Anyways; the right size, the proper fit makes all the difference when it comes to choosing a good bicycle, or more precisely a proper size, proper geometry bicycle frame for your body size and your proportions, i.e. your inseam, your arms reach, etc. There are sites on the internet which try to suggest proper bicycle frame size, proper fit, start from there and then do lots of road tests, test drives to see what's more comfortable for you,

If you want quick answer:Trek with 18" frame or bianchie mondial -52 look like better choices for you, the others either too small or too big for your height size, very good luck to you and very welcome to the very civilized commuter cycling community

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Old 05-04-14, 12:47 AM   #4
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I'm liking the looks of that Bianchi!
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Old 05-04-14, 12:50 AM   #5
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That trek 18 looks good. The first link concerns me in that that they could be selling stolen bikes.

Good luck & keep us posted!!

- Andy
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Old 05-04-14, 01:04 AM   #6
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In the first group, the Trek with the 18" frame or the Kona Smoke are the best bet -- the Kona already has fenders, which you'll probably want.

If you can swing the money, yeah, that Bianchi looks very nice. All this assumes the bikes fit you.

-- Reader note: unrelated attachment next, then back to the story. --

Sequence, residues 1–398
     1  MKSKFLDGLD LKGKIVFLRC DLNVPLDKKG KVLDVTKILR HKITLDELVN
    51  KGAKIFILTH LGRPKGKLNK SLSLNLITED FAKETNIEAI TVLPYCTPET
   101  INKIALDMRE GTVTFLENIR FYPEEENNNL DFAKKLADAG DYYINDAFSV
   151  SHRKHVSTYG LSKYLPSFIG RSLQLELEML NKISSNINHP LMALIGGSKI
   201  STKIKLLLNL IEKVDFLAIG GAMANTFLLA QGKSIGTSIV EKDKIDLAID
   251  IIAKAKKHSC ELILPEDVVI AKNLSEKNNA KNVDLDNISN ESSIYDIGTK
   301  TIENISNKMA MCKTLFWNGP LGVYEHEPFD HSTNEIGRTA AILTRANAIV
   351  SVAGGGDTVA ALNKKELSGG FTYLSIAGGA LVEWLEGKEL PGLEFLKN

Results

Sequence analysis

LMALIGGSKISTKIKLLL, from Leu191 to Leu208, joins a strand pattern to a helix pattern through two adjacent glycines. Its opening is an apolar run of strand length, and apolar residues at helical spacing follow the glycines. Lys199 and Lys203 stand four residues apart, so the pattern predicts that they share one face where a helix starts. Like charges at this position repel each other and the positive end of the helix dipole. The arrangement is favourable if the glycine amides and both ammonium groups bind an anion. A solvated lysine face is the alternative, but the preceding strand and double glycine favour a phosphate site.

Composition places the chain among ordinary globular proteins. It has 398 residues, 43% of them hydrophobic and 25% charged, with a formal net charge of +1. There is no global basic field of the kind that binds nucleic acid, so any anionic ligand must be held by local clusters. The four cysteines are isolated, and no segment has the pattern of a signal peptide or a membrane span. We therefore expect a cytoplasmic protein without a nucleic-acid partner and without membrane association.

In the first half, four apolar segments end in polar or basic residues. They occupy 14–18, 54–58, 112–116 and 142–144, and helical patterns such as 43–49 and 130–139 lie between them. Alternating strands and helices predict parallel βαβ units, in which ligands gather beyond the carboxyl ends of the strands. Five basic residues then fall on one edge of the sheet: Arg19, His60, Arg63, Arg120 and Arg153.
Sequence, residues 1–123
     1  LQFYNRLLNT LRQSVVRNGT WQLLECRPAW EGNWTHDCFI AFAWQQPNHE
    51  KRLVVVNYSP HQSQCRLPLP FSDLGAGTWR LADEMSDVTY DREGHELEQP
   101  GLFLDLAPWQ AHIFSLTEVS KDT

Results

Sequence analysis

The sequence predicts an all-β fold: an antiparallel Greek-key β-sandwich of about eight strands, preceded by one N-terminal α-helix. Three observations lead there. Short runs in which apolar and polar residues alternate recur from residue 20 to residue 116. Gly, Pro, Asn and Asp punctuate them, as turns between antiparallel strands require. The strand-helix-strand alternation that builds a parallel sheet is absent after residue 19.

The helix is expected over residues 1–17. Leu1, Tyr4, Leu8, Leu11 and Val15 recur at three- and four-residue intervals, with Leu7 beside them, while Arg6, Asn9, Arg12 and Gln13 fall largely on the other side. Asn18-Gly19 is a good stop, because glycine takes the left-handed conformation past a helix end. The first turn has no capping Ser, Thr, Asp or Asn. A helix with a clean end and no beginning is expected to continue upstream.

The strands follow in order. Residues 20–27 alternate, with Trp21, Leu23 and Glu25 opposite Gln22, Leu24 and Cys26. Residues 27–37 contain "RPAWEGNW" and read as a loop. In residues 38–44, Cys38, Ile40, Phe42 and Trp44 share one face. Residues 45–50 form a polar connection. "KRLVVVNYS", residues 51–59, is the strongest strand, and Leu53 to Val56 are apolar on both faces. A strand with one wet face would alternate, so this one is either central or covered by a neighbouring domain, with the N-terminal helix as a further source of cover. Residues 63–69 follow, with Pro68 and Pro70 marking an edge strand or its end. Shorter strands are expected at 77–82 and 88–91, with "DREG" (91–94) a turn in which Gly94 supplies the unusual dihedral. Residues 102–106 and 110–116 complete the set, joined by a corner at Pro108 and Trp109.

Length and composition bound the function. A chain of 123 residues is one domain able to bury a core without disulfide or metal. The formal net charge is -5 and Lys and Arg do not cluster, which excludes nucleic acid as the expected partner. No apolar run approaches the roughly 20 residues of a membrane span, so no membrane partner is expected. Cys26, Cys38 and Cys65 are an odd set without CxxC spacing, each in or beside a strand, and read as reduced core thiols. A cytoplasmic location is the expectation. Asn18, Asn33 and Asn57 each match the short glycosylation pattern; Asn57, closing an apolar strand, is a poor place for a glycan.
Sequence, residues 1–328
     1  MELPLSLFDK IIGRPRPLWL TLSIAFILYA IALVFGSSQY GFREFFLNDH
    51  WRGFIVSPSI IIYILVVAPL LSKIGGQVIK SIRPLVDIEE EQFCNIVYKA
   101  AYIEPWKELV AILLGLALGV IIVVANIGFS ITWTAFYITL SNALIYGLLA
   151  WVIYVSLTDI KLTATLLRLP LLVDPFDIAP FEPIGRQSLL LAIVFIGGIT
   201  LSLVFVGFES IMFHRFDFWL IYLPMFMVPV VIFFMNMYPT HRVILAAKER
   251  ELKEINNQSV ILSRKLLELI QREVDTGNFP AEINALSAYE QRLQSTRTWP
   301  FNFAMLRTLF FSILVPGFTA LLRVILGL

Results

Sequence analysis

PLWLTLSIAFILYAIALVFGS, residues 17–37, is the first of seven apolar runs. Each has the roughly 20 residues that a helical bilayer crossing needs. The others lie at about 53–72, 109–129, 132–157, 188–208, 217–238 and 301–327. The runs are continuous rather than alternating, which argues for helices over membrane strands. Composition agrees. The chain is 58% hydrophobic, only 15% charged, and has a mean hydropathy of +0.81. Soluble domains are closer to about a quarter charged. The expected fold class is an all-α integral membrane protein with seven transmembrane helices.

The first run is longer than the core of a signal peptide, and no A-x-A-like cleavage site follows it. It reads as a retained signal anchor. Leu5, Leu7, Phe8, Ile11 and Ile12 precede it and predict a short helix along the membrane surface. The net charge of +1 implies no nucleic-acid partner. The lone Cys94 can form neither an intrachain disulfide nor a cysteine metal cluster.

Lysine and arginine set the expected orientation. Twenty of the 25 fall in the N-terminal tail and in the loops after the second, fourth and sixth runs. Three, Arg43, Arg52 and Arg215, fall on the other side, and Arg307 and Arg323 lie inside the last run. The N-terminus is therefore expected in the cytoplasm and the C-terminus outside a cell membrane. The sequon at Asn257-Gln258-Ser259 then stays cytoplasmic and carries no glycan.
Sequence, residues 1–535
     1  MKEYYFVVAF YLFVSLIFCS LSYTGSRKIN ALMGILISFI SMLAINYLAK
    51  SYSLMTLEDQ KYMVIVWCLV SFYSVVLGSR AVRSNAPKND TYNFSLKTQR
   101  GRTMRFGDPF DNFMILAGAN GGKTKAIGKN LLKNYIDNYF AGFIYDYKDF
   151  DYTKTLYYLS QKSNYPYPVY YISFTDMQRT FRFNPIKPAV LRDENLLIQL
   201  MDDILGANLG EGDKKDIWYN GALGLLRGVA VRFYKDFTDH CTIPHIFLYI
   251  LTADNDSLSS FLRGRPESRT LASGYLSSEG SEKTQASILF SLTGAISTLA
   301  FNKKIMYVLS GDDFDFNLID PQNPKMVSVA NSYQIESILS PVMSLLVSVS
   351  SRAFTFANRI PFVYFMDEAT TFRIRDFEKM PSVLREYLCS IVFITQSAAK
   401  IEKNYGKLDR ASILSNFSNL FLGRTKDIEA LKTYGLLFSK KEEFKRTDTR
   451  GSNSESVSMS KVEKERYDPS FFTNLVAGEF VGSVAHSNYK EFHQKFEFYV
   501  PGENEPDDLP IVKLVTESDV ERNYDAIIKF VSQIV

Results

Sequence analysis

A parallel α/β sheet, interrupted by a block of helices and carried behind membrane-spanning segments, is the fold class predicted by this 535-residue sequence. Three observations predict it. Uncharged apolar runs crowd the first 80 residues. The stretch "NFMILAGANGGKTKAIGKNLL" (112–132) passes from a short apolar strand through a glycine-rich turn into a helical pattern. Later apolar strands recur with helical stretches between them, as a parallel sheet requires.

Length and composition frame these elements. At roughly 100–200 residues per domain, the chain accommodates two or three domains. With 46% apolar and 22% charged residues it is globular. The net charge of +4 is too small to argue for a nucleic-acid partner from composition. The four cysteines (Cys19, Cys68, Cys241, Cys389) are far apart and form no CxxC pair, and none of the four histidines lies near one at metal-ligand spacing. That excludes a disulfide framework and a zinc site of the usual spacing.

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Old 05-04-14, 07:04 AM   #7
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If it's for commuting and riding to school etc, then I really like the Peugeot Mixte . It has a step through frame which is great for ladies. Step through frames are easier to get on/off if a lady decides to wear a skirt. It also has fenders , rear rack and light... Just my opinion
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Old 05-04-14, 09:34 AM   #8
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Thanks everyone! I know that I'm supposed to just *know* when a bike is the right fit, but since I haven't ridden in so long I'm worried that I won't really know what feels right... When I go to try these bikes out is it a terrible thing if I tell them I'm testing fits and will get back to them? I already seem to have upset one person by asking "too many questions" but I think he was sketchy anyway (wouldn't tell me any details of the bike until I was in front of it).